A US Senate panel has backed Republican Congressman Christopher Cox to head the US markets watchdog, the Securities and Exchange Commission (SEC).
Christopher Cox is seen as close to the financial services industry
Mr Cox was nominated by President George W Bush to succeed William Donaldson, who stepped down on 30 June.
He now faces a confirmation by the 100 member Senate, a vote he should win.
Mr Cox is expected to adopt a more "laissez-faire" approach, which some fear could mean a more relaxed regulatory regime.
Mr Cox, a former corporate lawyer, is seen as close to the finance industry.
As a congressman, he was responsible for steering through reforms which made investor lawsuits more difficult - an achievement hailed by some business groups.
But consumer and investor groups claimed that it cut back on accountability in the corporate world and helped create the opportunity for scandals such as Enron and WorldCom to take place.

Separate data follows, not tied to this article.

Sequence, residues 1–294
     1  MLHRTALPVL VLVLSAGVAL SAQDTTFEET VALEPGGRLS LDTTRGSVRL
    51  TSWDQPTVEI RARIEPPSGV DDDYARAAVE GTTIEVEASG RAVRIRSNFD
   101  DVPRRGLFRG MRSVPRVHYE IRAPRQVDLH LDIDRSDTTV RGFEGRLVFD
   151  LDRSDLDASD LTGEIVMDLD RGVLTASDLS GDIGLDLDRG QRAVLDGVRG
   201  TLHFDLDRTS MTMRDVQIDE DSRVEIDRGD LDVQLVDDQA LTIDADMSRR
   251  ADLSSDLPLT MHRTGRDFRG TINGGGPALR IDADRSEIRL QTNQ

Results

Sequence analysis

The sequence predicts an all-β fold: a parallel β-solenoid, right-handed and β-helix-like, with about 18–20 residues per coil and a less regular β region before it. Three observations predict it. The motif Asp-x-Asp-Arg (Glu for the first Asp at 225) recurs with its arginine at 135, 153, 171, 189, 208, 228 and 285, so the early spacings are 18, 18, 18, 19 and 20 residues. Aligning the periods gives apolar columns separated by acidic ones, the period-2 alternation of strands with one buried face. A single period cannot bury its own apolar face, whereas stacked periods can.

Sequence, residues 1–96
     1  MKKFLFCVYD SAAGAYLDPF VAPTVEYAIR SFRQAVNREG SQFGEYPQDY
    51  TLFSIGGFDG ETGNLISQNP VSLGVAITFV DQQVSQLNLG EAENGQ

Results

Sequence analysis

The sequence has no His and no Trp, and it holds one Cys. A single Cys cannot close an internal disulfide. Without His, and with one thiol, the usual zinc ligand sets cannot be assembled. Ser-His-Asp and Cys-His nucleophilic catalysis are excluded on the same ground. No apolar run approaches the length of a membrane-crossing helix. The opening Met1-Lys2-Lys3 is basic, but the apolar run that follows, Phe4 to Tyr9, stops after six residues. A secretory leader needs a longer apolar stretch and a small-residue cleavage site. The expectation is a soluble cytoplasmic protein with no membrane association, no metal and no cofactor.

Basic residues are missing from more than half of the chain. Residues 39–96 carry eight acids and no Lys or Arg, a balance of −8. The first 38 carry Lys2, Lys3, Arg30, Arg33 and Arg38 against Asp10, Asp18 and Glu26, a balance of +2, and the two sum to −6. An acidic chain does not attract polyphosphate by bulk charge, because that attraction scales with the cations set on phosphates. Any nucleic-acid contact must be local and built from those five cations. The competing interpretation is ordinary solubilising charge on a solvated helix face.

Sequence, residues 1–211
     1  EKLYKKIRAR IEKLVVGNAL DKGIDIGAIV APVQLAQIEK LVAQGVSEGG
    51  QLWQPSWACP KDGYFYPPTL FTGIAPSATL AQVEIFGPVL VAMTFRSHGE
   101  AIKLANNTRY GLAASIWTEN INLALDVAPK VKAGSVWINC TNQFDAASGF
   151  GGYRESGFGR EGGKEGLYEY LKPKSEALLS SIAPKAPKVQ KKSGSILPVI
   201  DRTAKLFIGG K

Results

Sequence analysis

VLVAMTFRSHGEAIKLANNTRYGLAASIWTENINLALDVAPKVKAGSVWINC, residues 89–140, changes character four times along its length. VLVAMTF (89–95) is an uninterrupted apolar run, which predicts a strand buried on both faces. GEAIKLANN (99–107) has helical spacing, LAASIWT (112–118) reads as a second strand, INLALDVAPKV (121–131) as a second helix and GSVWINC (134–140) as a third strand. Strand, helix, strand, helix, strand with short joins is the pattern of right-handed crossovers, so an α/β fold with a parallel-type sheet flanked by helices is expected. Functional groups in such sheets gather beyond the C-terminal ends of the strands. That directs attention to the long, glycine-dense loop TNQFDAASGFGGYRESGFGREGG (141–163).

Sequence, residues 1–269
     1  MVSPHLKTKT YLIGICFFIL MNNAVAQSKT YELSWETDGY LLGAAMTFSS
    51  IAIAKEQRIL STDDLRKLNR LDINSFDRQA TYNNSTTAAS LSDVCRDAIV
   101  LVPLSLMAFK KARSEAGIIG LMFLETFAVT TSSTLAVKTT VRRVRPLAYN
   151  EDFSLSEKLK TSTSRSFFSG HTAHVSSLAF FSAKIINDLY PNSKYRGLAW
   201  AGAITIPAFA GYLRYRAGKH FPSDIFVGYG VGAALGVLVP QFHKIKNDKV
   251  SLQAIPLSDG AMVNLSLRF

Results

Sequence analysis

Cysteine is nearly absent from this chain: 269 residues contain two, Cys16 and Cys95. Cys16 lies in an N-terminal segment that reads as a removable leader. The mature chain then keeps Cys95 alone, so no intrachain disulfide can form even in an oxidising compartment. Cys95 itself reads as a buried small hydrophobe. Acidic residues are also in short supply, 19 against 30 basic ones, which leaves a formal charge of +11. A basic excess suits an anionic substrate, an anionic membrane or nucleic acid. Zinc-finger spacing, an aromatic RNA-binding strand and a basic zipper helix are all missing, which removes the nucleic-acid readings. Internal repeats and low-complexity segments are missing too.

Several similar high-profile cases prompted the US to pass new reporting laws - known as Sarbanes-Oxley or Sox rules - which hold corporate bosses responsible for their companies' results.
Mr Cox has yet to say what his plans are for the Commission, where he will oversee corporate disclosure, stock market regulation and investigations into allegations of corporate wrongdoing.
But he did signal that he could adopt a more conciliatory approach to business during a press conference with President Bush where he promised that the SEC would work with US businesspeople "to help build a better America".
Accounting and finance companies have made large contributions to his political campaigns. Between 1993 and 2004, the financial services sector was the single biggest source of corporate campaign donations, contributing 21% of the total or almost $1m.